The Huey autorotates beautifully and makes you appreciate the high-inertia rotor blades, which make it easy to maintain safe rotor speed during descent. A normal approach is made from 300 feet and 60 knots while maintaining an eight- to 10-degree descent profile. Initial touchdown occurs on the rear of the tubular skids.

The UH–1B is an honest, stable, and relatively easy helicopter to fly. My greatest challenge in flying any helicopter is hovering and making pedal turns (pivoting turns while hovering) at three feet in a crosswind. I did not do all that well in the Huey but much better than I had anticipated, considering that my 300 hours of helicopter experience are spread over 50 years. This was more of a tribute to the Huey than it was to me.

I cannot say that I enjoyed flying the Huey. I can say that I loved it—every minute of it.

Flying Thunder

There are three basic models. The UH–1B is one of the “short bodies.” Stretching the fuselage 41 inches to increase troop-carrying capacity resulted in the UH–1D. Replacing the single turbine with a pair of Pratt & Whitney engines produced the UH–1N Twin Huey.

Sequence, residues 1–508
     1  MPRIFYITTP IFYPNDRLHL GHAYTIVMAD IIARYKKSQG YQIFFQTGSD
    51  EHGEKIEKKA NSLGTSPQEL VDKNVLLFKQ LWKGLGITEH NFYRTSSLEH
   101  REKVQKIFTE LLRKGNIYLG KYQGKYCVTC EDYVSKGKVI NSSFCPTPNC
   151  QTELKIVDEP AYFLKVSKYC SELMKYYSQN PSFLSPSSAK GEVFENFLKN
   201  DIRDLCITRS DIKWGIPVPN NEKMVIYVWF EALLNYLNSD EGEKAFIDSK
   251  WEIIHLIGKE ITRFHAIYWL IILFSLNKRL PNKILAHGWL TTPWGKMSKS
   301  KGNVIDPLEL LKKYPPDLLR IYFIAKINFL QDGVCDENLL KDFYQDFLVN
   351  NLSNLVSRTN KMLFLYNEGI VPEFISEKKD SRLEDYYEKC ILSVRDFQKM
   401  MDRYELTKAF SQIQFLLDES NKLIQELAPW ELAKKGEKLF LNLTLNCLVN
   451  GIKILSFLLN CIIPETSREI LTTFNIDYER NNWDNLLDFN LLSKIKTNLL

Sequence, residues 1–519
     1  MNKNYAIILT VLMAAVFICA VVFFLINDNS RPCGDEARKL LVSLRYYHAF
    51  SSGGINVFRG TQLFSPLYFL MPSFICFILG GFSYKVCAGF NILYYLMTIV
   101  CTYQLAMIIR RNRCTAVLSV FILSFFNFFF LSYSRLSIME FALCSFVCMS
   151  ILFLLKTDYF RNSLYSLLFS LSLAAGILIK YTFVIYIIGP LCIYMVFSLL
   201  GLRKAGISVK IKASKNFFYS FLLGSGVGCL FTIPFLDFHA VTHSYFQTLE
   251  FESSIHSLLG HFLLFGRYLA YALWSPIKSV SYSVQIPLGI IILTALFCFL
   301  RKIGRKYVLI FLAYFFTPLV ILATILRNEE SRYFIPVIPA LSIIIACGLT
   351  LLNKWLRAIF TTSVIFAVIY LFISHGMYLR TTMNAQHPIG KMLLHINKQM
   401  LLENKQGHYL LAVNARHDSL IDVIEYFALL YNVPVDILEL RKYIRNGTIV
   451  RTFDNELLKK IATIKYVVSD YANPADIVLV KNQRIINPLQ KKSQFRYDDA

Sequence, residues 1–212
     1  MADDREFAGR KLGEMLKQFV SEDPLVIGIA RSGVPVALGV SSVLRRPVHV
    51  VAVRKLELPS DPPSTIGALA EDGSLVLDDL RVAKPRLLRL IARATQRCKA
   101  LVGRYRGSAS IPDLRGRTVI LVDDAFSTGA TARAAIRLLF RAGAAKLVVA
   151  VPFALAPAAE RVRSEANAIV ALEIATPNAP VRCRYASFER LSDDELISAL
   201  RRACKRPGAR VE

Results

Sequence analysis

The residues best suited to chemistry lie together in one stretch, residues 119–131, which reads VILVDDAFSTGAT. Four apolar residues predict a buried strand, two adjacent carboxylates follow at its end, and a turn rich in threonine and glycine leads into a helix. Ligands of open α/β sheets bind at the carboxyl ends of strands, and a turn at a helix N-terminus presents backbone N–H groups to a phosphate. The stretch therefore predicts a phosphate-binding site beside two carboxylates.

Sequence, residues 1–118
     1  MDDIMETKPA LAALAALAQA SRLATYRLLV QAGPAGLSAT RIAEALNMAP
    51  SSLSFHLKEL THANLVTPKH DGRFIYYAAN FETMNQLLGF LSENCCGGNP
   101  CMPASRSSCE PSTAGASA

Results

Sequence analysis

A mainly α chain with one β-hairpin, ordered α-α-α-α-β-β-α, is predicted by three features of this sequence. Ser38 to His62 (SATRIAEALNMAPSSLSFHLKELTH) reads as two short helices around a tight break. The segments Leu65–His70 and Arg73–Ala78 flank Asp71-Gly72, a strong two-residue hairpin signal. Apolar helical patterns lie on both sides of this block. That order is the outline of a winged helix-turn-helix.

More than 16,000 Hueys had been built when production ended in 1986. Seven thousand of them served tours of duty in Southeast Asia. Civilian versions of the Huey are the Bell 204 (short-body), the Bell 205 (stretched), and the twin-engine Bell 212.

During May 2008, Rodgers and his Huey were joined by two other helicopters, the museum’s Bell OH–58 Kiowa and a second Huey belonging to Overseas Aircraft in Lakeside, Arizona. They formed a flight of three, headed east from Southern California, and referred to themselves as “Flying Thunder.” Their goal was to arrive and pay homage at the Vietnam Veterans Memorial (the “Wall”) in Washington, D.C., on Memorial Day along with Rolling Thunder, many of whom arrive as a huge gathering of motorcyclists. Sadly, the trio of ex-military helicopters was denied permission to enter restricted airspace and fly the last mile to honor the 58,286 veterans whose names are inscribed on the black granite wall. Instead, the helicopters had to land short at Leesburg, Virginia.

“The price of our freedom is engraved on that wall,” Rodgers laments, “and they wouldn’t even let one Huey make one blade-slapping fly-by.”

A cruel aspect of the Vietnam War was the bitter homecoming experienced by so many returning veterans. They often were confronted by anti-war protestors, spit upon, called baby killers, cursed, and assaulted. They were scapegoats for an unpopular war and often accused of being drug addicts, psychos, and war mongers. These U.S. veterans were one of the most unjustly maligned groups in American history, causing many to discard their uniforms and medals, keep to themselves, and rarely discuss the war.